TĀRĀ (Tib., Sgrol ma) is a Buddhist deity who represents the female counterpart of the bodhisattva Avalokiteśvara. She appears as the savior of the world whenever people are in distress and thus is known in Tibet, where she has gained great popularity, as the Great Savioress. By the time Mahāyāna and Vajrayāna Buddhism were firmly established in Tibet, Tārā had become one of the most important female deities, one whose influence was reflected back as the very source of the Tibetan people. One tradition has it that Avalokiteśvara and Tārā, in the semblance of a monkey and a rock demoness, had monkey offspring who gradually became humans, thus accounting for the origin of the Tibetans. As the śakti of the Buddha Amogasiddhi, Tārā also personifies "all-accomplishing wisdom."
Tārā is said to represent the very essence of loving devotion, extending her loving care to the bad as well as the good. She always accompanies the faithful in their religious practices; hence, it is customary in monastic communities to meditate on the maṇḍala of Tārā (Sgrol ma Dkyil 'khor). However, it is difficult to determine whether, during the early spread of Buddhism, the influence of Tārā extended beyond the court or scholarly circles.
It is the opinion of some scholars that the cult of Tārā was brought to Tibet by Atīśa (982–1054). As evidence of this, they point to the tradition that holds that Atīśa's trip to Tibet and his meeting with 'Brom ston pa were predicted by a yoginī whom Atīśa met under the tutelage of Tārā, and to Tārā's alleged appearance before Atīśa at Mnga' ris, where he met 'Brom ston. However, tradition has it that when Srong bstan sgam po (d. 649) received the Nepalese princess Bhrikutī and the Chinese princess Wencheng as his brides, they brought Buddhist images and other objects with them. In later times, these two princesses were believed to have been incarnations of the green, or prosperous, and white, or helpful, Tārā. If this latter tradition is accepted then the introduction of Tārā into Tibet predates the arrival of Atīśa. However, it can scarcely be doubted that it was Atīśa who gave new emphasis to the cult of Tārā, to whom he was especially devoted.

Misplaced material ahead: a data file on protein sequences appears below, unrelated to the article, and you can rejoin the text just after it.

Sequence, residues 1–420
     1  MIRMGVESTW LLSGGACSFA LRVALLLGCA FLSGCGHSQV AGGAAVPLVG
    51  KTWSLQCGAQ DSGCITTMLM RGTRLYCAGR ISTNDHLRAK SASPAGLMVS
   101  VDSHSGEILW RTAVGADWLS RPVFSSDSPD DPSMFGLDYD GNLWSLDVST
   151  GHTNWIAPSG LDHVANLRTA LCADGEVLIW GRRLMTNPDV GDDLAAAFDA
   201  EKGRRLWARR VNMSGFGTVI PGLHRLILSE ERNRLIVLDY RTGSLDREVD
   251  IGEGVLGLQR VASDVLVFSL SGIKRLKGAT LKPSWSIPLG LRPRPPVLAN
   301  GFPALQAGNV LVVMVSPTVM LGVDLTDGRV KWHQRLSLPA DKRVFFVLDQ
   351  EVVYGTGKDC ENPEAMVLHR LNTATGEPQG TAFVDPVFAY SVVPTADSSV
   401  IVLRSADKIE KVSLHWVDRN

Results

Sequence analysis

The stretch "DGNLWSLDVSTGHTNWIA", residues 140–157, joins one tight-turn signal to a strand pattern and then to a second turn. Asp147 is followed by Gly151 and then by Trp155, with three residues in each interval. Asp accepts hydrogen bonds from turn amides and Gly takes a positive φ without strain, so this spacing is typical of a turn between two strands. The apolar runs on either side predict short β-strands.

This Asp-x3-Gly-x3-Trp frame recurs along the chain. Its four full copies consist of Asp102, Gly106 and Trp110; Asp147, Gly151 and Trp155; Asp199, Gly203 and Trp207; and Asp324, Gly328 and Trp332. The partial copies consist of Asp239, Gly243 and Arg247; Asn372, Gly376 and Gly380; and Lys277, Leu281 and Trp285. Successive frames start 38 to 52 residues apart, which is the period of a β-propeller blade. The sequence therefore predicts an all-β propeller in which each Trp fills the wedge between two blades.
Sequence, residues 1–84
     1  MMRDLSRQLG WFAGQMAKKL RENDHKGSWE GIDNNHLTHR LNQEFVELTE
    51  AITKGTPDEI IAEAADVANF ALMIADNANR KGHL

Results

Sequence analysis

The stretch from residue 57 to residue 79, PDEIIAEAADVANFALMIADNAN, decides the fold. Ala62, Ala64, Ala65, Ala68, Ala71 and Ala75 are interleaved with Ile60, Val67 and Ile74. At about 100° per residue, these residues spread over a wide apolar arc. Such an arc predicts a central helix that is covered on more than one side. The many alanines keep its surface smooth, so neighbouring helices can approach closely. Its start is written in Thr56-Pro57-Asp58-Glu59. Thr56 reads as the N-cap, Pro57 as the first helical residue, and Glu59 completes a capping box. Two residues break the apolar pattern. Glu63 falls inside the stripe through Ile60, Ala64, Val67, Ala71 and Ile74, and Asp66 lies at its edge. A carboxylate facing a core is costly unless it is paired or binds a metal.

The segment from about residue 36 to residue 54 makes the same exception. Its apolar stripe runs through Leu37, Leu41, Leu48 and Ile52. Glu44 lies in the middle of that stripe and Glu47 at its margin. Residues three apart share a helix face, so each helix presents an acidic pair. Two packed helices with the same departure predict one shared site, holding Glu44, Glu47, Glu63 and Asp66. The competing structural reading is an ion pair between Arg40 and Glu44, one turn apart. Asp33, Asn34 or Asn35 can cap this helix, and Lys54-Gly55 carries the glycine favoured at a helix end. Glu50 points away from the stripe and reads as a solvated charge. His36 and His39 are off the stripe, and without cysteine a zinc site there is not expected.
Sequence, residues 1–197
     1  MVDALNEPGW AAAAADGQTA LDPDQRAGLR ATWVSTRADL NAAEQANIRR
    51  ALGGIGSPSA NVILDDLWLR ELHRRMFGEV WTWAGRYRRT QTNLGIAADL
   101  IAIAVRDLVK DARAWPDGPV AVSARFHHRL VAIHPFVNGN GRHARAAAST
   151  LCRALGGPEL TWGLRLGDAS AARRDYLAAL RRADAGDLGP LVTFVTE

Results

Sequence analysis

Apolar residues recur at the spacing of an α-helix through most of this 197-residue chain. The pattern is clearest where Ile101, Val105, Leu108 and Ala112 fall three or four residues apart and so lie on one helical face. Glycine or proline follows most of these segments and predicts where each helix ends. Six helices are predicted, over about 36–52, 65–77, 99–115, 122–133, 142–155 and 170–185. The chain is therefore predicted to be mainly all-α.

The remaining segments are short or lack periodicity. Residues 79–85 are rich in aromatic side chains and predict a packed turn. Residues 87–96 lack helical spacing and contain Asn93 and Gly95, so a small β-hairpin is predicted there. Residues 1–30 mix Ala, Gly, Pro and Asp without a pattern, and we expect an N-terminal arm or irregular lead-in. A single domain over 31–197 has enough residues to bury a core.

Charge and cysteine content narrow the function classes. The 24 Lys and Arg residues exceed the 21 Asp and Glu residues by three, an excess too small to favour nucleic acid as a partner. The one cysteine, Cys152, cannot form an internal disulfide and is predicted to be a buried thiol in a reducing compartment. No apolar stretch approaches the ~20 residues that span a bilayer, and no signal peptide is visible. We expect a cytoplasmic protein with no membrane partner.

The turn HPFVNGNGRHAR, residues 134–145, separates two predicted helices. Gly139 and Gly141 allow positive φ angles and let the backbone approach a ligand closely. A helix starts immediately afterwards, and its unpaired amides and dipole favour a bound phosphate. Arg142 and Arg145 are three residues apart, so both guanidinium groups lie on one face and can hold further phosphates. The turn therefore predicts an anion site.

It is difficult to determine exactly when and how the cult of Tārā emerged. Tārā shares many mythic parallels with Brahmanic deities. For example, Durgā and Tārā hold several names in common. Thus, although some scholars claim the priority of one over the other, it seems impossible to determine whether the cult of Tārā has a Brahmanical origin or a Buddhist origin. The early sculptural representations of Tārā seem to point to a sixth-century beginning for the image of the Buddhist Tārā. These early images, found in caves such as Ellora, Aurangabad, and others, depict a placid form in contrast to the fierce representation of her corresponding Hindu goddess. Later, however, Tārā in her Mahāmāyāvijayavāhinī, or fierce, aspect is conceived as a war goddess in the manner similar to that of the Hindu Devī. The iconic representations seem to indicate that Tārā in her early and simple form is seated and possesses two arms and two hands. As time passes, her iconic representations became more complex: not only is there an increase in the numbers of heads, arms, and hands, but the number of accessory figures attending her gradually increases. Another feature of her iconic representation is her appearance with four—Amogasiddhi, Ratnasambhava, Amitābha, and Akṣobhya—of the Five Buddhas (the fifth being Vairocana). In these representations, Tārā usually, but not always, appears in colors corresponding to the colors of these Buddhas. The complexity of her iconic representation can be appreciated through a careful study of the Sādhanamālā, the Niṣpannayogāvalī, and other texts.